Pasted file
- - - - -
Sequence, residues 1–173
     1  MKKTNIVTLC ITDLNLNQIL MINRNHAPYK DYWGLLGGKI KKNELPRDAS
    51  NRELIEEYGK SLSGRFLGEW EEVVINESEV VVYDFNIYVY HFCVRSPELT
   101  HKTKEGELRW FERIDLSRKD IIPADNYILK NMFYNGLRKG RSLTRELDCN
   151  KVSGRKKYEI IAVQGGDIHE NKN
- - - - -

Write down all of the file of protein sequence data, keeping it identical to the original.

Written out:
Sequence, residues 1–173
     1  MKKTNIVTLC ITDLNLNQIL MINRNHAPYK DYWGLLGGKI KKNELPRDAS
    51  NRELIEEYGK SLSGRFLGEW EEVVINESEV VVYDFNIYVY HFCVRSPELT
   101  HKTKEGELRW FERIDLSRKD IIPADNYILK NMFYNGLRKG RSLTRELDCN
   151  KVSGRKKYEI IAVQGGDIHE NKN